Rare but powerful outcasts, born of human and gnoll
Game mechanics for the thull are identical to the half-orc race detailed in the D&D 4e official rulebooks. For all other mechanical purposes (including feats, paragon paths, etc.), thull is simply an alternative name for half-orc.
Ability Scores: You may choose to gain a +2 bonus to Wisdom instead of Dexterity.
Beast Kin: Your ancestors were amongst the many bestial races who once ruled Alm. You are considered a beast creature for the purpose of effects that relate to creature type.
Since it was dominated by beast-kin races in the past, other monstrous predators such as orcs and goblins have only marginal populations on Alm. As such, humans and orcs have never mingled enough to produce distinct halfbreeds. However, there are such creatures as the thull—the offspring of human and gnollish parentage—who occupy much the same position.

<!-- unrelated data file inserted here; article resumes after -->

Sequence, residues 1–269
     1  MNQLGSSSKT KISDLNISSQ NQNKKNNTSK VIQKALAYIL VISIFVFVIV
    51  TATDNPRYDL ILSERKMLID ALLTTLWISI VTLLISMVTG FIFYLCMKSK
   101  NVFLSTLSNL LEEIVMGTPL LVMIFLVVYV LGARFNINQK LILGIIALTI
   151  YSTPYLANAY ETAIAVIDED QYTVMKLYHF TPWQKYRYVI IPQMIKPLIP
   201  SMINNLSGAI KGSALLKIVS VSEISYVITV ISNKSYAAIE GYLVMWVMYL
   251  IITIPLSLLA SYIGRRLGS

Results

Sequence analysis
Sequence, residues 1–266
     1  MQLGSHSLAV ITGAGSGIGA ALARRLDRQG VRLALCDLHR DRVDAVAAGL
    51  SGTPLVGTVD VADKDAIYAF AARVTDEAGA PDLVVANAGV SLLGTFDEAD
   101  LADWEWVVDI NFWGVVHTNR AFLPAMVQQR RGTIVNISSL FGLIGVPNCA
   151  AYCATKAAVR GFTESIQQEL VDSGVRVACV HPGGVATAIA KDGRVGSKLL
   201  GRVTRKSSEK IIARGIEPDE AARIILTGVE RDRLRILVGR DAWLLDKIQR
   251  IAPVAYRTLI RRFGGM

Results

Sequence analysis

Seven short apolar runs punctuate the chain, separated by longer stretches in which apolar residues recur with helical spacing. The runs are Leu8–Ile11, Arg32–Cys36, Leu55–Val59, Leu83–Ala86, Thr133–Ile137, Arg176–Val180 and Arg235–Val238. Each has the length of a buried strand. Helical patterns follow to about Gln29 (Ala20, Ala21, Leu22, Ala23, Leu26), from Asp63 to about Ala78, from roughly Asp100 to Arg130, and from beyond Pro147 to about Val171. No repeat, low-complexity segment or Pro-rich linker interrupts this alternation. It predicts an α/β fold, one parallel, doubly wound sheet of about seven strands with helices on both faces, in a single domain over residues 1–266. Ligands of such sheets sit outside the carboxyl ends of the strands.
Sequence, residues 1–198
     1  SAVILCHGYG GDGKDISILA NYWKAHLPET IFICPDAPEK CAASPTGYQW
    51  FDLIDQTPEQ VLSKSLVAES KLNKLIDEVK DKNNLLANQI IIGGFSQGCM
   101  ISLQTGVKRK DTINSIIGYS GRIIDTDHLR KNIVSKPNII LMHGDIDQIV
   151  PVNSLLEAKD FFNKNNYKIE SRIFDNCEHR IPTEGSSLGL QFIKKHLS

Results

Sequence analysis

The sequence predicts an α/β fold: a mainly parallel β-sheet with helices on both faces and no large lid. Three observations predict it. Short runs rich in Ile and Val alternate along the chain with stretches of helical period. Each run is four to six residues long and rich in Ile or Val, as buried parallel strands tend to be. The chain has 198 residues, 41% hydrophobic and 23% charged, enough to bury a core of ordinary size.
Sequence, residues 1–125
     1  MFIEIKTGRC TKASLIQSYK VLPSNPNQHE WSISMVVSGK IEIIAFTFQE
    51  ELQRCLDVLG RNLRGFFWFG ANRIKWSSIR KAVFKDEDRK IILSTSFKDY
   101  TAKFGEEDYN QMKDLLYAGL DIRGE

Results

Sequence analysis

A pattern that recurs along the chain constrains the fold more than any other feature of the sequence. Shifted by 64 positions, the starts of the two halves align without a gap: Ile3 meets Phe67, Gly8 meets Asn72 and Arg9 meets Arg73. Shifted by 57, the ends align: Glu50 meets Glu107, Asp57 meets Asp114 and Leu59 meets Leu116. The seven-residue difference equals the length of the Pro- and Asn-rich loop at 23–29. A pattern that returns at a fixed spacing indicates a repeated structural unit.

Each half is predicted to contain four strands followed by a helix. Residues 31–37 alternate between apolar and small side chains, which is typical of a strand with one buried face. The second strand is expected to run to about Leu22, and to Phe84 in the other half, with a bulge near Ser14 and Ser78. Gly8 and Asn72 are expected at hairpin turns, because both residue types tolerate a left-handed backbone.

Thulls are lean, muscular creatures who appear very similar to humans. Though they occasionally grow manes or shaggy pelts down their backs, usually they are only set apart by their faces; these are typically elongated and slightly animalistic, with yellowy eyes and slightly pointed canines. Although their stance is entirely human, thulls often have slightly longer limbs, and larger hands and feet, than their human counterparts. Almost all thulls have leathery pads on their finger and toe tips, and thick dark-coloured nails.
Though they are rare, residents of large cities have probably seen several thulls in their life. Most people keep their distance, however, since relations between humans and gnolls are strained at best. Independence, however, is known for welcoming thulls—along with anybody else who will work for a living—and is home to several small thull communities. Elsewhere, only a thull who can pass for human, or perhaps brannyri, are likely to be accepted.
Thulls are perceived as... Independent, hardy, downtrodden, practical, cautious, bitter, sensitive, resilient.
Given Names: Thulls usually take human names, or whatever is most common to the pace they live.